Ghana’s failure to meet the MDG set targets on maternal and child health had been blamed on her inability to improve on the quality of care around the time of delivery and immediate post partum period.
At a review meeting to improve maternal health outcomes in Bolgatanga, it was observed that although the country made some modest gains in reducing under 5 mortality, much attention was not given to the new-borns because most of them died before their first week of life.
The Deputy Upper East Regional Director of Nursing Services in charge of Public Health, Dr Rofina Asuru maintained that until appropriate strategies are adopted to avoid needless deaths among new-borns, the country’s quest to achieving Sustainable Development Goal 3 will still be a mirage.
The meeting was to review the progress made in the Mother Baby Friendly Health Facility Initiative, MBFHI, spearheaded by the GHS with funding from the UNICEF.
Ghana missed out in the MDGs on maternal and infant mortality due to lack of attention on new-borns.
As a measure to reverse the trend, the Ministry of Health and the Ghana Health Services in July 2014 came out with the Newborn Strategy and Action Plan detailing evidence-based cost effective interventions to improve survival.
Inspite of this laudable initiative, maternal mortality ratio and death among new-borns did not witness any considerable decline.
The Mother Baby Child Friendly Health Facility Initiative, MBFHI was later considered another key intervention that seeks to improve facility-based quality care for mothers and new-borns and to increase optimal breastfeeding practices among other set objectives.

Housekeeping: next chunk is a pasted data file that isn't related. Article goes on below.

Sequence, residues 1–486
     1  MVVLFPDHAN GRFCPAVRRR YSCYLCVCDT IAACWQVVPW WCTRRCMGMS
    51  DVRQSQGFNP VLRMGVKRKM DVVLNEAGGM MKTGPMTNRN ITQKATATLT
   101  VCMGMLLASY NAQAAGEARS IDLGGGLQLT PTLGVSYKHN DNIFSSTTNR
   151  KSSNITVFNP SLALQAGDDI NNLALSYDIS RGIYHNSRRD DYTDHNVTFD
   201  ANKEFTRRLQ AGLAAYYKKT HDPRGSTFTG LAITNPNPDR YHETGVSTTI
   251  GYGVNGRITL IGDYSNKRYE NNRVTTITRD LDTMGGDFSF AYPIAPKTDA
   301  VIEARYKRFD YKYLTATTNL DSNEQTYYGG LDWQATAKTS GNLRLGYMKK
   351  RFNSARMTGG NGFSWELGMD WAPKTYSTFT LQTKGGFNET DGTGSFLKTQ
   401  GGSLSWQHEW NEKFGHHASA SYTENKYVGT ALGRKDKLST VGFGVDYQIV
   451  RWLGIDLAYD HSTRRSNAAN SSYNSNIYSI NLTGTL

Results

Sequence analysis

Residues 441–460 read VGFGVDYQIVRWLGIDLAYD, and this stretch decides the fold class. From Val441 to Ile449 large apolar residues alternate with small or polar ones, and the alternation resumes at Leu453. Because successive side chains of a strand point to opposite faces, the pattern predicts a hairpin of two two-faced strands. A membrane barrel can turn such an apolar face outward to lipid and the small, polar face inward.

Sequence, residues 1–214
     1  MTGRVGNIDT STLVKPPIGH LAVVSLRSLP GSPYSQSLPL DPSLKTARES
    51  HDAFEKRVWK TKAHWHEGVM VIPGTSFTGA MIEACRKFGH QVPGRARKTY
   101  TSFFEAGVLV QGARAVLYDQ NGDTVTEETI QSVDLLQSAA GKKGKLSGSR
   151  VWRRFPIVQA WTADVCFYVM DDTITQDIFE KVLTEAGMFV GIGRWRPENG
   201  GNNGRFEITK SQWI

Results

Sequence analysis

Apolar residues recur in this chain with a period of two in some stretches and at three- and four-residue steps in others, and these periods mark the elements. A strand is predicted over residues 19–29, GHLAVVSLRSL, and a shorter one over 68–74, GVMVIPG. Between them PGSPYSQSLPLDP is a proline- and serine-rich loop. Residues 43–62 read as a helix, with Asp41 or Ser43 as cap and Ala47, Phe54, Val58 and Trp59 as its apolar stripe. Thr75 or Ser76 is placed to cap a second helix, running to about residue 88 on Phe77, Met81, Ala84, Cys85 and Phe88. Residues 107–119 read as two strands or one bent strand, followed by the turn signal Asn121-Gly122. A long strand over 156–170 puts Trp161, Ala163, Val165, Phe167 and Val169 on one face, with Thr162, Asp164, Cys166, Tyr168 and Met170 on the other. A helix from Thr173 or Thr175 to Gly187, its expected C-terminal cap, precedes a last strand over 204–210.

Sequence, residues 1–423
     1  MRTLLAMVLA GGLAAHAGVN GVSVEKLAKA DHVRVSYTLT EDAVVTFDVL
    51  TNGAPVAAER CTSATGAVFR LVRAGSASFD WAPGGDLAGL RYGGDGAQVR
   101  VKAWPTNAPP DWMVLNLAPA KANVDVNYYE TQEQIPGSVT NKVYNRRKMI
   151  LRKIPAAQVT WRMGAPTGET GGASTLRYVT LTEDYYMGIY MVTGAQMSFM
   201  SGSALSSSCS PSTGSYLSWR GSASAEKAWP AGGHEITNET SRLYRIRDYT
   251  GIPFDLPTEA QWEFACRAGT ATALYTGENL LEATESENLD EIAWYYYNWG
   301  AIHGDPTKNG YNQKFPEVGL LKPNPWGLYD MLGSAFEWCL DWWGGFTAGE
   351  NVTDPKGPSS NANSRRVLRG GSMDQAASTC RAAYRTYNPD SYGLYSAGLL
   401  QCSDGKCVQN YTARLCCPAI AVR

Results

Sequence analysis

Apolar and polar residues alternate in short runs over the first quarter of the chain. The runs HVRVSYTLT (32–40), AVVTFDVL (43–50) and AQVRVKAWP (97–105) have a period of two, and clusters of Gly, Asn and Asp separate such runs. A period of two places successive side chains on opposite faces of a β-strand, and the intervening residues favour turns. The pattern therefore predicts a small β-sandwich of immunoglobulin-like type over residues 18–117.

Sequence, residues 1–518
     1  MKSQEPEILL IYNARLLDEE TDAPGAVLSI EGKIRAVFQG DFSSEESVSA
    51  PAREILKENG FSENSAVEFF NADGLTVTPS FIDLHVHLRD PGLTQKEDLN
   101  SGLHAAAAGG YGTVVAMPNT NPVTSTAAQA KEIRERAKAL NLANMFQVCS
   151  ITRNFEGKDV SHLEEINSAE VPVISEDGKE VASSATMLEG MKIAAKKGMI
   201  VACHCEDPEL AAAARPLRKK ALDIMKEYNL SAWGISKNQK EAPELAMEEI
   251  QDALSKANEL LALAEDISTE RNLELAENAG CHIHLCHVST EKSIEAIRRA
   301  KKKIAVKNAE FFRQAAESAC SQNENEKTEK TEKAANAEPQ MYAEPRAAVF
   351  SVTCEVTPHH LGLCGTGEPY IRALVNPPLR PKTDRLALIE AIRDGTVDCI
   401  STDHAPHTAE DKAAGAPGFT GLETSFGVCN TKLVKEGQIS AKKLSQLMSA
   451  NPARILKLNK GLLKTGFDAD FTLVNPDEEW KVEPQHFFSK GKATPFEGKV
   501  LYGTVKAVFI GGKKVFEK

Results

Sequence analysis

The MBFHI, is a quality improvement initiative supported by UNICEF through the Bill and Melinda Gate Foundation to improve the health of mothers and babies in Ghana, Tanzania and Bangladesh.
In Ghana, the project is being piloted in four implementing districts namely Bawku Municipal, Bolga Municipal, Bongo and Kassena-Nankana West.
Speaking to Radio Ghana, the Deputy Upper East Regional Director of Nursing Services in charge of Public Health, Dr Rofina Asuru explained that the MBFHI review meeting was to beef up the level of commitment among implementers and to enforce healthy competition for lessons to be drawn on the gains made.
She said since the project began in the last quarter of 2015 at the regional level, some progress has been made.
The review meeting brought together stakeholders in the area of maternal health including public health nurses, midwives, physician assistants, nutrition officers and disease control officers among others.
They were implored to double up their effort in terms of performance to improve mother and newborn survival by showing stronger commitment to provoke its sustainability.
A Health Specialist at UNICEF with focus on Maternal Newborn Care, Dr Priscilla Wobil, said, depending on the availability of funding, UNICEF is prepared to scale up the program after its end-line in 2018, but before that systems have been put in place so even if UNICEF is not able to offer full support, the health systems will be able to sustain the progress made.
The MBFHI as a flagship program geared at improving the quality of care is currently taking place in 21 health facilities.